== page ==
5 ways Arkansas will be better in 2020 than 2019
The way things are going, it seems hard to believe that anything in 2020 could be better than 2019.
But that’s just because there hasn’t been football yet. For Arkansas fans at least, it certainly doesn’t seem like it can get any worse than 2019 when it comes to football. The Razorbacks broke a school record for the longest SEC losing streak last season, which is still active at 19 games. They fired coach Chad Morris before his second season even ended.
So, even in a year where everything seems to be getting worse, it feels impossible for Arkansas football to fall any lower. The only way from where it’s at now is up. Here are 5 specific ways the Hogs will be better in 2020.
1. More SEC wins
It’s a bold thing to say, but I think Arkansas wins an SEC game this season. Maybe more than one. Maybe.
The Razorbacks have failed to do so in their past 2 seasons, but this feels like the year the streak is broken. The college football gods wouldn’t be so cruel as to force Arkansas to endure a 3rd consecutive year without an SEC win, would they?
Fresh faces in coach Sam Pittman and grad transfer QB Feleipe Franks should add extra energy to a team that already has its star in Rakeem Boyd and emerging threats on the outside. The youth on both sides, particularly at receiver, has breakout potential.
Arkansas is still almost guaranteed to finish in the bottom half of the conference this year. If it somehow doesn’t, Pittman should garner coach of the year consideration in his inaugural season. But to predict the Razorbacks to go winless yet again is almost as daring.
2. Better offensive numbers
Arkansas ranked 111th of the 130 FBS teams in total offense last season. Somehow, it wasn’t last in the SEC (Vanderbilt took that crown), but it might as well have been. The Razorbacks managed just over 21 points per game in 2019.
The additions of Pittman, Franks and offensive coordinator Kendal Briles should be more than enough to boost the offense. Briles alone has made massive improvements in each of his first-year stops, and has 4 finishes in the top 25 of total offense in the past 5 seasons.
Pair him with Pittman, who as a former offensive line coach should get the most out of that group, and all signs point to an improved Razorbacks offense this fall.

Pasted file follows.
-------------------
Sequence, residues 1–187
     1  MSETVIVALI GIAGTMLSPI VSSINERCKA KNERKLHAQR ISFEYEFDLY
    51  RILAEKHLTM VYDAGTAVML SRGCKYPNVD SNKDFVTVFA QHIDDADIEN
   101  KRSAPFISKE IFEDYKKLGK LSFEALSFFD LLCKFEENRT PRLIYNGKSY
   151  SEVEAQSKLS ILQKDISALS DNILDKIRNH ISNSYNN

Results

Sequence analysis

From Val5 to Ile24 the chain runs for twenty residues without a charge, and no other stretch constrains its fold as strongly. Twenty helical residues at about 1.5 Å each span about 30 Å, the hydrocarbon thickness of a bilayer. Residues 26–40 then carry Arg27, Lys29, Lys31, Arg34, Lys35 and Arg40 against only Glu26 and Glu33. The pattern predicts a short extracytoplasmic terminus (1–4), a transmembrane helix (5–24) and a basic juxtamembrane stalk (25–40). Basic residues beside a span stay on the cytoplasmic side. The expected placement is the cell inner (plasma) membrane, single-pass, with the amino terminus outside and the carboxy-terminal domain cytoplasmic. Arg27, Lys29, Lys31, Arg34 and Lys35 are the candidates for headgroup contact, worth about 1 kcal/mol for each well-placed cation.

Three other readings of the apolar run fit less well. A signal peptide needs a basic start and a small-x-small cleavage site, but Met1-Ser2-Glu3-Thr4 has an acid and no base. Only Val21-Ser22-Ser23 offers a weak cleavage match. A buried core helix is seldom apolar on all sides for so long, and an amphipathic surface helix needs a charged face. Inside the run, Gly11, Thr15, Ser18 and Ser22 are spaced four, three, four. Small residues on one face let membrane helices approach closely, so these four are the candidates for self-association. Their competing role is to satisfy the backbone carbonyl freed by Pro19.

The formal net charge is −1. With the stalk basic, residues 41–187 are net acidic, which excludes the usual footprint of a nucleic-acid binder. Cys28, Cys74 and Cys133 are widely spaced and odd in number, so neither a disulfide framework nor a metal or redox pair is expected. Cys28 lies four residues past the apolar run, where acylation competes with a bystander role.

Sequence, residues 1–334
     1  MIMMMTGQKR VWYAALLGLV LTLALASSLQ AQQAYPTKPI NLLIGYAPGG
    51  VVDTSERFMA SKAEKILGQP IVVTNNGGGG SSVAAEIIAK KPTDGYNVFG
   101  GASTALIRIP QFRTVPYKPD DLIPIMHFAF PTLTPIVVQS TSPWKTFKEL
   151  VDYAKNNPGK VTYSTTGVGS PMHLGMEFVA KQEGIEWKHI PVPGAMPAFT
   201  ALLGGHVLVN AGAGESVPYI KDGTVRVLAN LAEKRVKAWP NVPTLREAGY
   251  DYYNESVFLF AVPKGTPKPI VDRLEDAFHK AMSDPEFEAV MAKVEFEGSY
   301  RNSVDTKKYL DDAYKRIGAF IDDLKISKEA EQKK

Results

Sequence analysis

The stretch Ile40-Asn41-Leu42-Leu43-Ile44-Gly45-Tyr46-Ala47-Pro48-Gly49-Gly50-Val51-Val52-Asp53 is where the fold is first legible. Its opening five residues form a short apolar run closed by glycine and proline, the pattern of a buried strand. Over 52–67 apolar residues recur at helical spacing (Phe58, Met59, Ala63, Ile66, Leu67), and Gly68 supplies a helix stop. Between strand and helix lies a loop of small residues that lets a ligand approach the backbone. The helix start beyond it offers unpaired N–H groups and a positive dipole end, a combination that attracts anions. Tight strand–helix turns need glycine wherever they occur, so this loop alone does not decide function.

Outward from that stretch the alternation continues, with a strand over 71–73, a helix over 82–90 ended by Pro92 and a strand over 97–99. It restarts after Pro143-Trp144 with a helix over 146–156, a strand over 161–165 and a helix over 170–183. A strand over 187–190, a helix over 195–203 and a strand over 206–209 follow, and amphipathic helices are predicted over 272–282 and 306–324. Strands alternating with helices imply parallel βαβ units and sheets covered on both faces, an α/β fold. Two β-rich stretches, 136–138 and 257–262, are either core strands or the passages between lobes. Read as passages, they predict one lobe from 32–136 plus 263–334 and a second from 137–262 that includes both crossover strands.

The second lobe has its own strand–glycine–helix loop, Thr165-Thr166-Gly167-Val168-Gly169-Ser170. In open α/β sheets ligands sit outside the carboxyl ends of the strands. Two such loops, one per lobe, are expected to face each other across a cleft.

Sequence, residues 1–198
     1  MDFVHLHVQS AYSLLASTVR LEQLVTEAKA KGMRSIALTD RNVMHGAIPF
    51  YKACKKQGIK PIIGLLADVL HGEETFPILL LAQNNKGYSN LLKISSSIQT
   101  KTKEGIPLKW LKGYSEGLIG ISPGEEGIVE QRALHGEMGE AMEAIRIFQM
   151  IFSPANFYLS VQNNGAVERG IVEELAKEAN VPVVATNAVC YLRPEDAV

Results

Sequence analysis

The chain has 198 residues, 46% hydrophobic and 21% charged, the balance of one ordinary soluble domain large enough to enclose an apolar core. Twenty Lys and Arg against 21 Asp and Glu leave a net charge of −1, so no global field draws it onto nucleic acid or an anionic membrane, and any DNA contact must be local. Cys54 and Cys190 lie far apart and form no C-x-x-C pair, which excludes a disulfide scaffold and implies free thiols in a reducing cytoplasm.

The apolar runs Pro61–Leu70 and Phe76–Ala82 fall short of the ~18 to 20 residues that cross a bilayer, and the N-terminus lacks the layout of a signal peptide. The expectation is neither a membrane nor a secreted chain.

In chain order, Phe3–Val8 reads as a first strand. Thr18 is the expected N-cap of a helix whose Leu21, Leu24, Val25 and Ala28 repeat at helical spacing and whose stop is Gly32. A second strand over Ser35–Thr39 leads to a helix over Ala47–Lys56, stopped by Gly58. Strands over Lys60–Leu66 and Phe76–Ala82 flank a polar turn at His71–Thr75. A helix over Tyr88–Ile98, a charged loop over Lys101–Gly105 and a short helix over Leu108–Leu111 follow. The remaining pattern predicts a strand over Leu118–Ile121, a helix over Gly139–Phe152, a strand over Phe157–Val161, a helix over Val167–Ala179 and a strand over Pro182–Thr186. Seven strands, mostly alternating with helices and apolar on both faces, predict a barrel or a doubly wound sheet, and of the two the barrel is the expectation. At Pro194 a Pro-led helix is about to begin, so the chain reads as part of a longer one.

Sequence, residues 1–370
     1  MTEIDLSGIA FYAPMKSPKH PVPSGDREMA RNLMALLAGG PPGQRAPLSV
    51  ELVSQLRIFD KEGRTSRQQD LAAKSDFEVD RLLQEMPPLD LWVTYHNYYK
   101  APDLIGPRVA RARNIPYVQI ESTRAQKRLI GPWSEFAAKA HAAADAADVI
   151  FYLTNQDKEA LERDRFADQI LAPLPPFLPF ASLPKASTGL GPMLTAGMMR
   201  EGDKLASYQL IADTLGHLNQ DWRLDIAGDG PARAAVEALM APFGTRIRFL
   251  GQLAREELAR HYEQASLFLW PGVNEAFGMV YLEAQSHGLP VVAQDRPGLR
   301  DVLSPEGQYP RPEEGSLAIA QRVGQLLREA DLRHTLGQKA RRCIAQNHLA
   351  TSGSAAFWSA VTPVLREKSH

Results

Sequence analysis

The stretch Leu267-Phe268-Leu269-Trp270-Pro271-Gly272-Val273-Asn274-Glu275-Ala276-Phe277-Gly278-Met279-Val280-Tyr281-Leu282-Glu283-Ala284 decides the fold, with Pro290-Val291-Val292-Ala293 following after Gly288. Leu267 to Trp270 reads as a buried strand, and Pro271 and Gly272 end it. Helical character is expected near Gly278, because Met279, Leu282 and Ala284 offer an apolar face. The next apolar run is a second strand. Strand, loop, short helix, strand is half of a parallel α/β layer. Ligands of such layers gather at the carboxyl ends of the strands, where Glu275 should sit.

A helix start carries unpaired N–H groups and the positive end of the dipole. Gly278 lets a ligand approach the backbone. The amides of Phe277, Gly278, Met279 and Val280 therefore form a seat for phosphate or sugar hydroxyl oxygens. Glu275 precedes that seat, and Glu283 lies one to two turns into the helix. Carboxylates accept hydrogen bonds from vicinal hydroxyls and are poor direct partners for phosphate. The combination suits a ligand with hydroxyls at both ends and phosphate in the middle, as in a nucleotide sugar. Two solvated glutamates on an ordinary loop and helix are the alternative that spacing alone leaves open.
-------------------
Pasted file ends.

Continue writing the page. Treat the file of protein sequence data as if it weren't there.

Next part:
3. Fewer turnovers
The Razorbacks were last in the SEC in 2019 in turnovers per game with 1.8. A lot of that had to do with inconsistent quarterback play, as they averaged more interceptions (1.3) than passing touchdowns (1.2). Hogs QBs threw an SEC-worst 15 interceptions. Nationally, only 7 FBS teams threw more.
Arkansas is hopeful Franks will provide stability to the passing game this season. In his sophomore season at Florida, he had a 4:1 touchdown-to-interception ratio. However, in the 4 games he played last year, he had only 5 touchdowns to 3 interceptions. Arkansas knows all too well from the Nick Starkel experiment that transfers don’t always work out.
Still, Franks looks better than Starkel on paper. At the very least, he should be able to minimize the turnovers that proved so costly to Arkansas last season.
4. Rakeem Boyd
Boyd could have bolted for the NFL after his junior season. He would have been selected probably as a mid-to-late round pick. But he chose to come back, citing improving his draft stock as a key motivation.
He has the chance to play himself into the first round, realizing the potential that people have seen in him since his days at Independence Community College. That motivation, along with the aforementioned improvements to the offense bodes well for Boyd increasing his production from a season ago.
He’ll see more touches after the graduation of Devwah Whaley and thanks to the up-tempo nature of Briles’ offense. If Arkansas decides it wants to run its offense through Boyd, he has the chance for a monster season. Even with 2 fewer games on the schedule, he could surpass his yardage total of 1,133 from last year.
5. Chad Morris won’t be the coach
This is perhaps the most prevailing reason that the 2020 season will be better than 2019 for Arkansas.
Chad Morris forced Hogs fans to endure one of the worst 2-year stretches in program history. He failed to win an SEC game. He failed to develop the players he had. The games lost their joy under Morris and the outcome seemed predetermined.
This year, that won’t be the case.
Fans should be able to look forward to games every week, even if they don’t necessarily expect to win. As long Pittman can get the team to show weekly progress, the games should stay interesting enough to be watchable. With expectations at an all-time low, there will be little disappointment for a losing season. If the Razorbacks manage to win a few, it will only provide more optimism for the Pittman era going forward.